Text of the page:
The fact remains, hunger in rural America continues to grow, with 15 percent of rural households regularly without food.

“One of the misnomers about hunger is that it’s not in my community, not in my backyard,” said Daly. “The reality is that more than half the counties in America with the highest rates of food insecurity or hunger are actually rural counties, this program is really intended to help mobilize farmers to feed people right in their backyard.”

Audio: Maura Daly, Feeding America (3:40 mp3)

 

Iowa FFAers will package meals for Haiti

At their annual leadership conference in Ames next week, hundreds of Iowa FFAers will stand shoulder-to-shoulder packaging special meals for the poor people of Haiti.

The project is being coordinated by the Iowa Food and Family Project.  It’s an extension of that organization’s “Special Delivery. Homes. Help. Hope. For Haiti” project launched back in December.

Aaron Putze of the Iowa Soybean Association and the Food and Family Project says they hope to package 250-thousand meals during the first two days of the conference.

“We are going to be rallying FFA members from across the state April 22nd and 23rd to package nearly a quarter of a million servings of meals to help the people of Haiti,” Putze says.

The meals, which are purchased through Meals for the Heartland, are soy-based and also include rice and vegetables. 

Along with the meals, the Food and Family Project continues to solicit donations for the purchase of 48 SafeTHome shelters—special metal buildings manufactured by Sheffield-based Sukup Manufacturing—to be constructed in Haiti. 

Putze says more than 32 homes valued at 57-hundred dollars each have already been donated. 

AUDIO: Aaron Putze (6:38 MP3)

 

 

Buffett challenges farmers

The Howard G. Buffett Foundation not only has a campaign to save soil, the Foundation also works at the local level to address hunger.

Speaking at the Purdue Ag Alumni Fish Fry on Saturday, February 4, Buffett challenged farmers to do their part and donate the proceeds from 1 acre to their local food bank.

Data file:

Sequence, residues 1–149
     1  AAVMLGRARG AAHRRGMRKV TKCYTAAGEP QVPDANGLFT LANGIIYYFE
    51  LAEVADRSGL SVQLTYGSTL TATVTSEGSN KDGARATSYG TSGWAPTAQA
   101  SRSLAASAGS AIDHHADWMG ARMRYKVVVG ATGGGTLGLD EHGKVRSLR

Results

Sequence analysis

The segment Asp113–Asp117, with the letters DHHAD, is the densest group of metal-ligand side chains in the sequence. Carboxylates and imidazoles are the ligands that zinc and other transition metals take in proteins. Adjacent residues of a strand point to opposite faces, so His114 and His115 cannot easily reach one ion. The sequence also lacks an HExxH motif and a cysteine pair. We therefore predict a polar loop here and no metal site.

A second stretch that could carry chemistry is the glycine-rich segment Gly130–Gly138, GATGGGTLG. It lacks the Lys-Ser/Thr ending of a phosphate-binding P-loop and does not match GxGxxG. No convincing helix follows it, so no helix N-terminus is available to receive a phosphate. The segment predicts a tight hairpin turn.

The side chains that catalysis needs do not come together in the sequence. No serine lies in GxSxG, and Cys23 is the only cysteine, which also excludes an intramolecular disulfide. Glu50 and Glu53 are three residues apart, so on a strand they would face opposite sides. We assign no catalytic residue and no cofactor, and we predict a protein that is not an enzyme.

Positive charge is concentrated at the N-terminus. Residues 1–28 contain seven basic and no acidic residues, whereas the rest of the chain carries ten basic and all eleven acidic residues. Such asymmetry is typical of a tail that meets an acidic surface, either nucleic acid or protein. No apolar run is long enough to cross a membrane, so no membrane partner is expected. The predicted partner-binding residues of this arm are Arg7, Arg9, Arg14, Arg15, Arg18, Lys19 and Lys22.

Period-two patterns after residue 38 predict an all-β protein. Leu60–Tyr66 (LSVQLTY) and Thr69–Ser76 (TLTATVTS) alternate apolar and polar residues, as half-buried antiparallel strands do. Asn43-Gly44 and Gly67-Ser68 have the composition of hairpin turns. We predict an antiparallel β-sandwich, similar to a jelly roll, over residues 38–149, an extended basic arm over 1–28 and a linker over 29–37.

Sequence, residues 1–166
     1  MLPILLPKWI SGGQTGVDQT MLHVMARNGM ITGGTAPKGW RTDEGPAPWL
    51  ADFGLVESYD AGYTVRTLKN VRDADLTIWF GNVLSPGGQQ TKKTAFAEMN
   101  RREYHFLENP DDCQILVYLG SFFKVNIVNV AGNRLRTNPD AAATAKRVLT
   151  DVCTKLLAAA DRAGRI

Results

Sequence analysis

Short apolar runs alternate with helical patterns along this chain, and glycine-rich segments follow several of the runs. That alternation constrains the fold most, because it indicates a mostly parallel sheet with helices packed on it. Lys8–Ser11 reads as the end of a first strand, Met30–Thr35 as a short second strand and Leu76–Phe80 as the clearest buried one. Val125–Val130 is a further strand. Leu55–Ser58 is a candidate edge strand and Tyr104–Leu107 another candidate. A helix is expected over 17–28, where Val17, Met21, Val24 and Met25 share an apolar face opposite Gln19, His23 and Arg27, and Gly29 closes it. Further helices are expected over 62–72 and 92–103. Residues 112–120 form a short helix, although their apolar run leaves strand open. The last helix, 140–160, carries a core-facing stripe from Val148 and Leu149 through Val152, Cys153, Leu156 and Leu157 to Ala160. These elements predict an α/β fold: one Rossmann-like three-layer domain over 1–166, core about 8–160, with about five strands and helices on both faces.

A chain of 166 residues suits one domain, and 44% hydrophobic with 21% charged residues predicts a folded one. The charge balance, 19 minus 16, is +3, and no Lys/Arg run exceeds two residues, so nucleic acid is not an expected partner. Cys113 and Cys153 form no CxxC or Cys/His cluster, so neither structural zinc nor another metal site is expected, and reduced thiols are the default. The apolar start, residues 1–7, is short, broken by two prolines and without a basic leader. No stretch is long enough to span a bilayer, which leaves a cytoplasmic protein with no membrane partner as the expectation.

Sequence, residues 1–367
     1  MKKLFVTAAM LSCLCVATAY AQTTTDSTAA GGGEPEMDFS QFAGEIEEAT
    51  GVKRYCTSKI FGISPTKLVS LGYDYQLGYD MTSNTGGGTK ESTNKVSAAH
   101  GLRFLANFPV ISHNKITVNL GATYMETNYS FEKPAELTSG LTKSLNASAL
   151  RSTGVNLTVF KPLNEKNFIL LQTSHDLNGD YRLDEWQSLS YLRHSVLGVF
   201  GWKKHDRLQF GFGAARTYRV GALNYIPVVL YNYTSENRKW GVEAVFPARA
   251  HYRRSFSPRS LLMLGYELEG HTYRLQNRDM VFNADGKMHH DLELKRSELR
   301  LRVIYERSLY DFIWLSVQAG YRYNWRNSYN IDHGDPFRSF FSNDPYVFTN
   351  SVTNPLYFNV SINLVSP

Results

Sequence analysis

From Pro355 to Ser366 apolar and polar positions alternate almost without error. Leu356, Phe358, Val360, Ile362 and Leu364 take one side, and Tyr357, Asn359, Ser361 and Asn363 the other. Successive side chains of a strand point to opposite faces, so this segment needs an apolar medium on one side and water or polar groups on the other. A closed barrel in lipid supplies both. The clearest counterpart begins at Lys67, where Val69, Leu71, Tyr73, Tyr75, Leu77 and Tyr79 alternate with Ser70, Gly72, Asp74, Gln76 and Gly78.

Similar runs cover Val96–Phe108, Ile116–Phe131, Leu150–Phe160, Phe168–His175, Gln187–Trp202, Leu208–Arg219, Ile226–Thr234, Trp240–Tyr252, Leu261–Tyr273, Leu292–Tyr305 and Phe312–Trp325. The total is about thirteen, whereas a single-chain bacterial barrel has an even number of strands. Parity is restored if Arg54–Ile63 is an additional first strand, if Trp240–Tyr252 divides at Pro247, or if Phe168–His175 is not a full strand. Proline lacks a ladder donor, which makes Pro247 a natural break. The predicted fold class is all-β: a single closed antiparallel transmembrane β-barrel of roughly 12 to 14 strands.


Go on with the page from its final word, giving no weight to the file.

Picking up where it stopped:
“Who better than American farmers to set an example for other Americans and show the importance of helping those in their own community,” Buffett said. “No farmer would allow their neighbor to starve and yet someone close to us, everyone sitting here, when you go home in every one of our communities someone is going hungry.”

Audio: Howard Buffett, Pres. The Howard Buffett Foundation (1:45 MP3)

To learn more about the work of the Foundation go here.

 

John Deere’s Project “CAN DO”

Ever thought about what you could do with 300,000 cans of food? John Deere has, it’s called Project “CAN DO.”

“John Deere is going to be constructing a life size combine out of over 300,000 cans of food,” said project manager Nicole Schneider.

Schneider says the project is designed to raise awareness of both the role farmers’ play in producing the food for a growing world population, as well as provide food to a local food bank during the holidays.

Richard Williamson with John Deere adds that anyone can be a part of the project virtually, by going to the John Deere Facebook page.

“There is an area where you can create your own can, you click on it, you can upload a photo of your family or your combine, or whatever you’d like, a short message at the top, you submit that can and that can becomes part of a virtual mosaic online,” Williamson said.

From John Deere employees, to John Deere customers, those involved with Project “Can Do,” like Katie Dierker there’s a real sense of pride.

“We’re really excited to have the spotlight on the S-Series combine, but it really comes down to the producers and the consumers,” said Dierker, Division Marketing Manager for the S-Series combine. “To be able to share this kind of project and be able to highlight what our producer’s everyday and to be able to share a little bit more about what agriculture is all about and how food is grown in powerful and impactful.”

Audio: Nicole Schneider, Richard Williamson, Katie Dierker, John Deere (11:15 MP3)

The construction of the John Deere S-Series Combine, made from the cans of food will take place November 12- 17 and will be on display until December 17, at the John Deere Pavilion in downtown Moline, IL.

The paradox of increased hunger and greater obesity